If you wondered if it is possible to go to jail for not paying child support, the answer is yes; if you are late for a long time, you have that risk. The debt is usually reported to the credit bureau when you are more than thirty days behind in your payments.
At that point, the credit bureau will inform you to collect the arrears and evaluate the situation. If the arrears are due to major causes such as illness or similar problems, the jail will not be an alternative to pressure you.
Can I avoid jail time for nonpayment of child support?
Generally, the jail time is six months due to child support arrears. Authorization of the penalty is made under the legal basis of “contempt of court,” meaning that you are not following the orders given by the court.
In addition, a fine of $500 is typically attached, and attorney’s fees plus court costs are at your expense. During the proceeding, you are entitled to acquire representation by an attorney, and you may have one at no additional charge from the government if you meet either of these two conditions:
- You show that you do not have sufficient income to be responsible for the fees
- The result of the hearing is that you will go to jail
Failure to pay child support is considered an aggravated felony and has sufficient grounds to deport a non-U.S. citizen. Even though you are in jail, you will still be responsible for the child support order, so you will continue to pay the existing debt.
If you cannot afford the payments, you will have to ask the court to reduce the amount so that the payment matches what you can afford to pay each month while you are in jail.
What happens if you don’t pay child support?
Regardless of the reason for not making payments, this is considered a violation of a court order. By not making the payment, you are in contempt of court, even if it is only delinquency.
The situation may result in the judge ordering the immediate arrest. At first, it seems a complex and, for some, exaggerated order. However, the country’s laws ensure that all parents effectively comply with child support.
Other situations you may face if you fail to pay child support on time include revocation of your driver’s license, garnishment of your paychecks, revocation of your professional license, and loss of federal income tax.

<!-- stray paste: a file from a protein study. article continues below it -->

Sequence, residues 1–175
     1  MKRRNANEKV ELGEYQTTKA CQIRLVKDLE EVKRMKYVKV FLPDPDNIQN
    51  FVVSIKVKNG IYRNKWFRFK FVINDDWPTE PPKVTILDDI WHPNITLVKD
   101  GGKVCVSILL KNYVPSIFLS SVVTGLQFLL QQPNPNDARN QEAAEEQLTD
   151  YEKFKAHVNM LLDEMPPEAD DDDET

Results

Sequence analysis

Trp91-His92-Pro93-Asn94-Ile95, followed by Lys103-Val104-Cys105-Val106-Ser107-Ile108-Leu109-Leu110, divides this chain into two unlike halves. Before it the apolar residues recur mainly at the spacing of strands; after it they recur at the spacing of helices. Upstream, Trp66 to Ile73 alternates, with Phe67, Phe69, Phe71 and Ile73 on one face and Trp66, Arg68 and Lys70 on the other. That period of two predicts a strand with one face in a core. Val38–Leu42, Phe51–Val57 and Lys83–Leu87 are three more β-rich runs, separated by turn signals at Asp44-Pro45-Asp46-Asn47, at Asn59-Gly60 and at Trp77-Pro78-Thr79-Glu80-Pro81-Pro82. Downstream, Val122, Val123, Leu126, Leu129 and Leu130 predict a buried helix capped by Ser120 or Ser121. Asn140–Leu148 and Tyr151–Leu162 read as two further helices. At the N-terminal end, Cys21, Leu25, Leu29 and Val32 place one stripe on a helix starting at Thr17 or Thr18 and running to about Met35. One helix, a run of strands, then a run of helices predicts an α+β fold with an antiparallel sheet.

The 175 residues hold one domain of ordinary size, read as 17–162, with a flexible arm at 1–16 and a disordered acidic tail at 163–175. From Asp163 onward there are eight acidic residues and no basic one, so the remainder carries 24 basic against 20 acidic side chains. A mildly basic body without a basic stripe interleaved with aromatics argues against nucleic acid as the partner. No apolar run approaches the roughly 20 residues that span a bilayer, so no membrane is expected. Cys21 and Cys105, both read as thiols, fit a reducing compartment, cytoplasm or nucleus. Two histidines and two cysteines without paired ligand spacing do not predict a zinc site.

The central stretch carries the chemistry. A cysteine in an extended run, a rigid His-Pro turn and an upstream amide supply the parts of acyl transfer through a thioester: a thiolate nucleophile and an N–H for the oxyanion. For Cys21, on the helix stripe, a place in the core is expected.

Occasionally, the above actions are taken before an incarceration order is issued. But if the situation persists and there are no clear reasons why you are not making the payments, you will end up in jail.
Does the state pay child support if the father doesn’t
The state is not responsible for paying child support. If the responsible parent is difficult to locate, the state will make a small welfare payment, taking over a portion of the child support if the parent qualifies for that support.
Conversely, if the parent responsible for support is easy to locate, it will pressure the parent to comply. If the state can contact the absent parent and has already made child support payments, it will take the necessary steps to collect all the money contributed to the child.
How many can child support payments be missed before jail?
As mentioned above, there are different penalties for late child support payments. They tend to increase after 15 days when you have not made child support payments and received a delinquency notice.
Penalties are applied after 20 days of delinquency and become more severe as they increase. Initially, you will receive fines, a seizure of your bank account, or a tax refund.
Generally, it is considered a felony, and arrest is requested when you owe four months of child support, and the total debt is $2,500 or more. You will also face this if you have been previously convicted of nonpayment.
If you ever try to leave the state to avoid payments, you could also go to jail for attempting to evade the law.
What can I do to avoid going to jail?
You can take a few steps to avoid going to jail for delinquency. The first step is not to panic. To stay out of jail, take some of the following steps:
Make installments on late payments
Forget about not paying anything for the rest of your life; it only aggravates the situation. If you can’t catch up on the entire payment, start depositing as much as possible to lighten the bill.
No matter how little you can come up with, the important thing is that you show the court that you are meeting your obligation.
Begin the application for modification
Child support is calculated based on the obligor parent’s monthly earnings. If you had a good job with good potential for making large payments, but that has changed, you can ask for a modification.
You must show that you do not have the resources to continue making the same old payments. The court will then determine a new amount to fit your means and avoid penalties for falling behind.